Navigating the Probate Process in California
Probate is the process of verifying a will in court and accepting this will as the last testament of a person who has passed away. Undergoing the probate process and proving the validity of a will is the first step in distributing the assets and estate of a person. In California, the probate process can vary depending on the will or estate plan, and going to probate court may or may not be required. Here we take a look at the probate process in California, and what you may need to do when submitting a will for probate.
Executor is Appointed
The first step is appointing the executor of the will. This person may be named in the will, otherwise, the court will appoint an executor who may be the surviving spouse or adult child of the deceased. The executor is responsible for gathering the estate assets and distributing them according to the will, while also paying any debts, bills, or taxes. The will must be filed in the county where the deceased lived.
Filing the Petition
After the executor is appointed, a petition for probate must also be filed with the California Superior Court in the county where the deceased lived. After this is done, the court will automatically schedule a hearing within 30 days.
Notifying Creditors and Heirs
After the petition is filed, a notice of hearing will need to be published at least three separate times in the local newspaper in the area which the deceased lived. This helps to inform potential creditors who may have interests in the proceeding. Notices should be mailed to all potential creditors who are known, along with anyone who is named in the will and any other potential heirs.
Paying Creditors and Taxes
Those with valid claims to debts must file an official claim for these, and if determined valid, these debts will be paid from the estate. This includes bills, taxes, and funeral expenses. In California, creditors must submit claims within four months of the executor appointment.
The executor must also pay Federal and California estate taxes. Taxes must be paid before the estate is distributed, or personal liability could fall to the executor. While it is best to be proactive and plan to reduce estate taxes with an inheritance attorney before a person dies, working with an experienced estate attorney afterward can help you manage asset distribution and tax payment more efficiently.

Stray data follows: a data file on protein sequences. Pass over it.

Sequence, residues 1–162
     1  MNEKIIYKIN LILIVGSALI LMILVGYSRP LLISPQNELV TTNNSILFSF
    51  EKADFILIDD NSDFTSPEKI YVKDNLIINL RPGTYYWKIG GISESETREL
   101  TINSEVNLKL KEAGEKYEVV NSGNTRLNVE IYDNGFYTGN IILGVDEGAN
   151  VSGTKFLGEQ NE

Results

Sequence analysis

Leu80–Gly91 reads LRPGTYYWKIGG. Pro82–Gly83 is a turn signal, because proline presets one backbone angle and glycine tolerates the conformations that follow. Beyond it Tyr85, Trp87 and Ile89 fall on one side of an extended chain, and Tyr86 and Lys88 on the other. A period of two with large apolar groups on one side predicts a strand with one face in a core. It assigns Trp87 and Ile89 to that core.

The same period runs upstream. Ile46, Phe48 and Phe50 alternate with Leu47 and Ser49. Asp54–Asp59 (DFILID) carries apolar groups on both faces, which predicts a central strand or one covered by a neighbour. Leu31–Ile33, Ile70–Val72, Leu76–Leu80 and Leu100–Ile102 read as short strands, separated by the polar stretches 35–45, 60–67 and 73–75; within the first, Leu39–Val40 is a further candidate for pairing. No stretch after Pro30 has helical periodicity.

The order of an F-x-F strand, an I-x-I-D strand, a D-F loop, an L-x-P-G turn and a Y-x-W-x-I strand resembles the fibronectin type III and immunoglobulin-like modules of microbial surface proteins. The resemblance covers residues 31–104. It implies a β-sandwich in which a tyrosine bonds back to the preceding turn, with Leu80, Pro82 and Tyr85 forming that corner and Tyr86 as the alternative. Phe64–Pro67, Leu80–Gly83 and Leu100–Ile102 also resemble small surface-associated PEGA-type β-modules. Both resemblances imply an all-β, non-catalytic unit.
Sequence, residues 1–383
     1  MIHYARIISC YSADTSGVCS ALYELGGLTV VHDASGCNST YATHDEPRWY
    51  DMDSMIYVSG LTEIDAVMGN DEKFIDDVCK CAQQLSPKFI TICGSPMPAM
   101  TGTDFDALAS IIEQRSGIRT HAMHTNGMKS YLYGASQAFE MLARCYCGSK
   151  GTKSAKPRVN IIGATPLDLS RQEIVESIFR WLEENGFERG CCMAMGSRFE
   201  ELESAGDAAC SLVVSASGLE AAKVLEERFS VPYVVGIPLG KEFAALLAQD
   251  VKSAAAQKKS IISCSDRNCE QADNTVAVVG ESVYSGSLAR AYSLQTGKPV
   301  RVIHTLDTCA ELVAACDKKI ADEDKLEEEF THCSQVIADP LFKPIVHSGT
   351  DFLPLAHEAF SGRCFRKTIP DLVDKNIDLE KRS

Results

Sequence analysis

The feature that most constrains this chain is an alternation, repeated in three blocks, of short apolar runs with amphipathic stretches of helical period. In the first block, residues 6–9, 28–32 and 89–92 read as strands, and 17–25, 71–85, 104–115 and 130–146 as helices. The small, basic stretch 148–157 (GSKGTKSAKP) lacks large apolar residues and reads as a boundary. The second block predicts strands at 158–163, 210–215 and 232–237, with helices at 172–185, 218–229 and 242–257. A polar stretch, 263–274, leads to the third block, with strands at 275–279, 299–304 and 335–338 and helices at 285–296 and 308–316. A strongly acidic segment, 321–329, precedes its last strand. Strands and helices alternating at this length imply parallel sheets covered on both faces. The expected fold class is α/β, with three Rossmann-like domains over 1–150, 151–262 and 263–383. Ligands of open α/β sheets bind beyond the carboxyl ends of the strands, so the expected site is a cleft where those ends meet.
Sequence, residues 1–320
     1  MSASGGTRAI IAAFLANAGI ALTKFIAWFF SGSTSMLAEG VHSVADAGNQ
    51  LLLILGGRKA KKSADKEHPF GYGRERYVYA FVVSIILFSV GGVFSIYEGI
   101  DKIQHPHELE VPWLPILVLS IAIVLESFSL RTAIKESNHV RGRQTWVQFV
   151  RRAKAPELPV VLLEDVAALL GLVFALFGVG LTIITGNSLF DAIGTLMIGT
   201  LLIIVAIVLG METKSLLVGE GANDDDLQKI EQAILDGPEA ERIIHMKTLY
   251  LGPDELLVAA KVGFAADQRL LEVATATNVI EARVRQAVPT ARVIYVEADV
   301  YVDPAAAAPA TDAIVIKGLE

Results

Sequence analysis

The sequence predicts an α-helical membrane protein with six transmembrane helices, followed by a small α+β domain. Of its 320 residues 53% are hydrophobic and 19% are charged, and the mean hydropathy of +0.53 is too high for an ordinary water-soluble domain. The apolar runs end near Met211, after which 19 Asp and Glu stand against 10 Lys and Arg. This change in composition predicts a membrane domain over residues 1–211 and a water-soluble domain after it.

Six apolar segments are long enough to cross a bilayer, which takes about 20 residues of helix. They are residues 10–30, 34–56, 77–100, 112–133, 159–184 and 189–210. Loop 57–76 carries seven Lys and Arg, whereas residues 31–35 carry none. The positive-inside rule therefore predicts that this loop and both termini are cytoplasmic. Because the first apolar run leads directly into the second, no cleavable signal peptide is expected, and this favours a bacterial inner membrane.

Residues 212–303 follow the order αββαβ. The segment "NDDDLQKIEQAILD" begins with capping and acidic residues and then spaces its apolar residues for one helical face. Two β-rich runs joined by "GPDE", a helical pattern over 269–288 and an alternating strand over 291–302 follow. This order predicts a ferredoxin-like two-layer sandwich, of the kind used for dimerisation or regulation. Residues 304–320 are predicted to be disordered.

Closing The Estate
In closing the estate, the executor should give a full account to the court of all actions taken in regard to the proceeding. A petition can then be filed with the court to close the estate. If there are no objections, the Court will issue an order to distribute assets to beneficiaries and heirs.
Navigating The Probate Process
The probate process in California can be complex, particularly when managing a large or diverse estate. An estate attorney is experienced and qualified in ensuring you get the best result from the probate process, navigating the proceedings with ease.
Is Court Really Necessary?
In cases where the combined value of assets is below a certain threshold or where assets are excluded from probate, going to court may not be necessary. In such cases, a beneficiary can use a simple affidavit to claim assets. California’s small estate limit can allow you to settle an estate without probate. This may also apply to assets that are included from probate which include joint tenancy assets, retirement plans, payable-on-death (POD) bank accounts, real estate transferred by a transfer-on-death deed, or transfer-on-death brokerage accounts. You should consult with an expert estate-planning attorney if you think you may qualify for California’s small estate limit.
If you need to go through probate court, the court will issue ‘Letters Testamentary’ which allow the executor to take possession of all the assets that are subject to probate. A list of all assets will be compiled and filed with the court.
The California probate process is an essential part of inheriting the assets of someone who has passed away. The experienced probate attorneys at Lewman Law can help you navigate this complex process with ease and assurance that everything will be handled properly; contact us for help today.